ECM expands its reach
The OpenText application used by the G-20 participants reflects three priorities in today's ECM market: social networking, mobility and cloud technology. "The cloud is a major factor for ECM," says Lubor Ptacek, VP of product marketing at OpenText. "Many organizations need elastic storage and do not want to invest in infrastructure for what might be a temporary requirement." OpenText is also developing specific solutions for business problems, such as the one experienced by the G-20 group.
On the social front, several approaches based on OpenText are possible. "OpenText has Pulse, which can be added to an existing deployment and is similar to Facebook for the enterprise," says Ptacek. "Social Workplace can be used as a standalone product, and finally, we can add a social component to an existing marketing website or product services site."
Identify the problem
Some organizations search for a software product too soon, without fully understanding their requirements, and Ptacek strongly encourages them to resist the urge. "There is no business problem called ‘I need an ECM suite,'" he emphasizes. "The problem may be a poor customer experience online, or inadequate management of records that leaves the company ill-prepared for litigation, but it is essential to start with a specific problem. Once that problem is solved, finding solutions to other problems becomes easier because the foundation is in place."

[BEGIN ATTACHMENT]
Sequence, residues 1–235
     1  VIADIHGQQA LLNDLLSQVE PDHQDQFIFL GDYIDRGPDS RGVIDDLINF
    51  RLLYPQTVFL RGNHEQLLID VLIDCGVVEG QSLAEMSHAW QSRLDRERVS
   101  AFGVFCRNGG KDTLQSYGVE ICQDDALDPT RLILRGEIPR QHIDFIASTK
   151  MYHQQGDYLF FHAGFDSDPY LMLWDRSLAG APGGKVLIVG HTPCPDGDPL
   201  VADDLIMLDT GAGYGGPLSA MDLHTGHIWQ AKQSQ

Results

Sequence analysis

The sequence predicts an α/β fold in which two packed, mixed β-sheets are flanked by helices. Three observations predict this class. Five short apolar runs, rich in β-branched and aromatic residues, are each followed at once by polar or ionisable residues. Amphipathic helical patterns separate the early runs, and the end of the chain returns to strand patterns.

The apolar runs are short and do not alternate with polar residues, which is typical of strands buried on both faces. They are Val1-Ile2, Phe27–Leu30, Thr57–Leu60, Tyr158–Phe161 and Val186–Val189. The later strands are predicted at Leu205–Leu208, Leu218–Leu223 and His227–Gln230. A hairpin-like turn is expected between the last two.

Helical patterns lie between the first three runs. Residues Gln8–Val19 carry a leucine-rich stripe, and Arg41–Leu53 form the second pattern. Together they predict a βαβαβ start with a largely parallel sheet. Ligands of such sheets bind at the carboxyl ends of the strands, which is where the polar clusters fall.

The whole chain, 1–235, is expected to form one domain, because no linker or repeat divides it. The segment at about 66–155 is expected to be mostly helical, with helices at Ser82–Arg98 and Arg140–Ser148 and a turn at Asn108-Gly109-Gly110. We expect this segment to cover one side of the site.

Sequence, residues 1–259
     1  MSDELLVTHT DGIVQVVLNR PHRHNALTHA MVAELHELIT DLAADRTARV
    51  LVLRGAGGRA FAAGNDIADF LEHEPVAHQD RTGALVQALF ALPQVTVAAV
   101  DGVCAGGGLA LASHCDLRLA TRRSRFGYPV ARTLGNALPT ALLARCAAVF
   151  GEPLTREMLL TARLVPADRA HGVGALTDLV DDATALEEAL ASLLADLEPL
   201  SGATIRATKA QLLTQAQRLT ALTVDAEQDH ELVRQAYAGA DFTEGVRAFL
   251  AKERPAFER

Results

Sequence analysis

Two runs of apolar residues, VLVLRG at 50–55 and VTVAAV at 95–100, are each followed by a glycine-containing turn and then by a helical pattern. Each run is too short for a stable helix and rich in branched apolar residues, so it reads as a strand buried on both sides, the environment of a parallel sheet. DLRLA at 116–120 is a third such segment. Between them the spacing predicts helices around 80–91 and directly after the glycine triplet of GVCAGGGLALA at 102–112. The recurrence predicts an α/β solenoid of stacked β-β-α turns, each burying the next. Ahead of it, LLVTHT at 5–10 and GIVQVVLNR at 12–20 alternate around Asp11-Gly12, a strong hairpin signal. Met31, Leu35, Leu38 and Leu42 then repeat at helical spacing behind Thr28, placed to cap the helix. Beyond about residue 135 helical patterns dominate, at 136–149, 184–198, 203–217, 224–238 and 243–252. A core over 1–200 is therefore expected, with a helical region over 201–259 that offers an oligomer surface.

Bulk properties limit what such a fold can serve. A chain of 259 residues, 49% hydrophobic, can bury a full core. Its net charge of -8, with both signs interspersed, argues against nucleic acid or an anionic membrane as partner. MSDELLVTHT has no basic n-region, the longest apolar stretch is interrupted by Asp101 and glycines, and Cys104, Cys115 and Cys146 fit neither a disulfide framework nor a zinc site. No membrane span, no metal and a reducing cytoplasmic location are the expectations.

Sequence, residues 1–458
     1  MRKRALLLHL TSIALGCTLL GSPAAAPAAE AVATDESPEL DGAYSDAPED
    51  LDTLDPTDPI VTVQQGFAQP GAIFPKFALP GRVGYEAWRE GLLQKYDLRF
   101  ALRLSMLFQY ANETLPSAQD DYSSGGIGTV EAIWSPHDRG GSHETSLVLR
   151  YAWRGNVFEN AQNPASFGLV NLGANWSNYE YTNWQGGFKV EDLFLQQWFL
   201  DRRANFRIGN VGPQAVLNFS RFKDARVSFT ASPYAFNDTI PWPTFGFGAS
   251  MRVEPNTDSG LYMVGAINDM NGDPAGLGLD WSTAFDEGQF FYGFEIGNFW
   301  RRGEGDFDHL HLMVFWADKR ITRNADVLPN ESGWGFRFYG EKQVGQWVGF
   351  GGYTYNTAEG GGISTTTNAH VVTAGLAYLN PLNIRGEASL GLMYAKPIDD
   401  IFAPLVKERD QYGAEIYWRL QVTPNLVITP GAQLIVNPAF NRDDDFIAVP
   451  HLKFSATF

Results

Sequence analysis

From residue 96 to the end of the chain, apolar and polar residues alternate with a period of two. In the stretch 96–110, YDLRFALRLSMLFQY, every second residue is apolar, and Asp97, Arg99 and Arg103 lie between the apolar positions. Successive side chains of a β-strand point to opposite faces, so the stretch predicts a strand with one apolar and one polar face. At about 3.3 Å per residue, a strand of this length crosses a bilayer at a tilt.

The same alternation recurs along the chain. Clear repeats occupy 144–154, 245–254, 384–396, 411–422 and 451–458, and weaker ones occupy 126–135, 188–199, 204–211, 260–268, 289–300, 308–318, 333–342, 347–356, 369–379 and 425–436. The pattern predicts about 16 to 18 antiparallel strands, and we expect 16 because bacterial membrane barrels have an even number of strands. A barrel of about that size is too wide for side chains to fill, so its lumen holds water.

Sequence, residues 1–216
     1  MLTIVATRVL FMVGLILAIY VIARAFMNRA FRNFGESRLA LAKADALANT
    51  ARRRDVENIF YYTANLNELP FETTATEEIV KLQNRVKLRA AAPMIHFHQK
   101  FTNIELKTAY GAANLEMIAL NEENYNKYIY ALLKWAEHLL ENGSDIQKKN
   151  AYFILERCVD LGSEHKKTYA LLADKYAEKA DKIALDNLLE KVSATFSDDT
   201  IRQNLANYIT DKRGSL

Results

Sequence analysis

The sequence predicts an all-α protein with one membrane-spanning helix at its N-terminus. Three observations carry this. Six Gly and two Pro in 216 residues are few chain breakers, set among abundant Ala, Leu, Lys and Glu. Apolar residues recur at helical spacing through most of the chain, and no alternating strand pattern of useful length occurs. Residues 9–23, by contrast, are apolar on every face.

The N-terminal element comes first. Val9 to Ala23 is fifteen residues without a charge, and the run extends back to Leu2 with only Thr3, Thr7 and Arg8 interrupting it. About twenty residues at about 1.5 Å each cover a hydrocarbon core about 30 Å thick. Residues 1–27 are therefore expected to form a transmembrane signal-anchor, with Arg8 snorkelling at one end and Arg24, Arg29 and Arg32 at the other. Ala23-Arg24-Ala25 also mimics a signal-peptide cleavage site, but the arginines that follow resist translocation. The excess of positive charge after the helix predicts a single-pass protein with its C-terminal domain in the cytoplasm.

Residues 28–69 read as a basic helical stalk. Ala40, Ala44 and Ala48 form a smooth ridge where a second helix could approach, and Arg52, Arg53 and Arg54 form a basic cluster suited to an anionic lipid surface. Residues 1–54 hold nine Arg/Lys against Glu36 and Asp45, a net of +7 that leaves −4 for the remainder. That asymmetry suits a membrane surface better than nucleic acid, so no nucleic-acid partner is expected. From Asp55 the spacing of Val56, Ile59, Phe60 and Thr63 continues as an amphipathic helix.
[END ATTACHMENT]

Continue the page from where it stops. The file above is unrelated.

ECM is a mature technology in many respects, but still has room for significant advances. "Like the interstate highway system, much of the infrastructure is in place," says Lee Dallas, blogger for Big Men on Content and solution architect with EMC's Information Intelligence Group. "Now, organizations must turn their focus to the on and off ramps that manifest their content through mobile devices, social networking, collaboration and so on."
Direct from the cloud
When content management needs are relatively simple, an extended range of features can get in the way, adding unnecessary cost and complexity. Box.net was founded to provide an easy and inexpensive way for users to store, retrieve, manage and share content in the cloud. "Box has the right feature set for 90 percent of user needs," says Whitney Tidmarsh Bouck, enterprise general manager at Box. "Because it is so easy to get started, Box initially appealed to small and midsize companies. But now large organizations are starting to see it as an option that complements their other systems."
Box is designed for sharing so-called "content of engagement," rather than content of record. "The normal use case is the sharing of files with co-workers who are collaborating on projects," says Bouck. "Box provides a persistent knowledge hub with a single source of truth." By doing so through the cloud, Box saves users from sending files back and forth via e-mail, a cumbersome and error-prone process.
At AARP, the editorial production manager uses Box to track articles for the AARP Bulletin as they move through the production process from writers to editors, artists and layout staff. Box is also used for collaboration with external editors of the AARP magazine so that multiple individuals can work on the same document and know that they are using the latest version. In addition, key resource files are stored in Box so that employees have access to them from any location.